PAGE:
Back to the Drawing Board

Lost CreativityRiding Herd‘s first chapter is killin’ me. I’ve never done a series before, so I’m having trouble knowing how much info from Give the Lady a Ride needs to go in to Riding Herd to orient my readers to the setting and backstory. I know that I don’t have to totally rehash Ride, and there isn’t that much that needs to come in to the new manuscript. But what I do need from the first novel is giving me problems.

First bit of really good advice I got from my one of critique partners is to treat the first novel as backstory. Give the Lady a Ride is backstory and should be dribbled in like that of any other novel. I don’t know why this didn’t dawn on me to begin with.

Second tidbit of advice was the reminder that backstory is best delivered in dialogue, especially if you need large chunks of it. I don’t really need a large chunk, but even the little bit I need is best presented in dialogue. And, I’m pretty good at writing dialogue (huff on nails, polish on shoulder), so I think I nailed that part after it was pointed out to me.

Now, we come to the third word of advice: even though the first chapter primarily orients the reader to the setting, reintroduces some characters, and introduces another, I still have to give the POV character a goal and present the basic conflict of the story. Or at least present the conflict better than I did.

And therein lies the rub. My best presentation of the conflict was in the first version of Chapter One, and that scene got scrapped along with the rest of the first version of Chapter One. So, my question to myself is: Do I salvage the scene from the scrapped version–and if so, how?–or do I figure out something entirely different?

Since I still have roughly 30K words left to write to finish the manuscript, I shouldn’t be concerned with this right now. But what I shouldn’t do and what I do are frequently two different things. It’s on my mind. What I hope is that while it simmers in the background, I can both finish the manuscript and discover a killer way to open the novel.

I have till the end of May. No sweat.

About Linda W. Yezak

Author/Freelance Editor/Speaker (writing and editing topics).
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6 Responses to Back to the Drawing Board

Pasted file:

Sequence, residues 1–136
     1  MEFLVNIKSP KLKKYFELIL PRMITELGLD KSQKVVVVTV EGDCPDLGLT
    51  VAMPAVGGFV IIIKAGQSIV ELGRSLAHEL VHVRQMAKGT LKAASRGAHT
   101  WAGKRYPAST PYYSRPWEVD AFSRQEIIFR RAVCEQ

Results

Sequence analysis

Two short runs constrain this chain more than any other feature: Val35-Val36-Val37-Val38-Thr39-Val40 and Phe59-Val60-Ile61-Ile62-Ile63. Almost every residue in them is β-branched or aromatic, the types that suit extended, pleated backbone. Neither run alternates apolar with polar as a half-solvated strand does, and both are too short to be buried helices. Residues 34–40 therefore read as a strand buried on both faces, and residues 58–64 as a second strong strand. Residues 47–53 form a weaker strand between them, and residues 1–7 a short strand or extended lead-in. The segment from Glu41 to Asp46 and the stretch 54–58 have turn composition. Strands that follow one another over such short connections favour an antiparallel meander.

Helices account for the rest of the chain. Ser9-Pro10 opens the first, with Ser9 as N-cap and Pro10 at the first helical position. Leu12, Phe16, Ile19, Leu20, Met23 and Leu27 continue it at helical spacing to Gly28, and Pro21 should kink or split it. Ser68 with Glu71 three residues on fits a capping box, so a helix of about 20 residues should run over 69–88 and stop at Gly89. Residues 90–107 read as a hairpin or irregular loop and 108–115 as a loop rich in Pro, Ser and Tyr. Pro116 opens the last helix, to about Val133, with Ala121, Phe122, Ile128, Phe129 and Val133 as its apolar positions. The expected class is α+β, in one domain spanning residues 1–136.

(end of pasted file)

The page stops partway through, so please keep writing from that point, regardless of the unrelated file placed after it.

1. Linda, I’ve just started Greg Iles’ newest, The Bone Tree — second in a huge trilogy set in Natchez, MS. I think what he’s done in this book is masterful, though I don’t know how well it would work on something with less dramatic action from page one forward. But if you’ve read Natchez Burning, I’d suggest you get the sample from The Bone Tree and see how he handled backstory. He basically made it an integral part of his intro to the new book, while building momentum for his characters’ newest problems. Good luck! I’m sure you’ll work it out. 🙂 — Janet


  2. hopeclark says:

    Linda – I feel your pain. But over time, I learned how much “backstory” can be blended into a sequel and still let the new book have it’s own “standalone” vitality. Not sure if you’ve read Tidewater Murder or Palmetto Poison (sequels to Lowcountry Bribe), but I get great reviews on the fact readers can read the books in any order and it works. But knowing you, you’ll figure it out.


  3. K.M. Weiland says:

    You know I’m totally feeling your pain (even though I partially caused it). 😉 The first chapter is *always* the hardest part for me. I think I’m going to attempt a trilogy next time around, so it will interesting to have to face some of these challenges you mention for myself.


    • Well, you didn’t really tell me anything I didn’t already know about that first chapter. It stinks, but it’s better than the first go-’round with it. This is trickier than it looks, but then, I may be making more of it than necessary. Looking forward to writing the 3rd draft of Ch One! 😀


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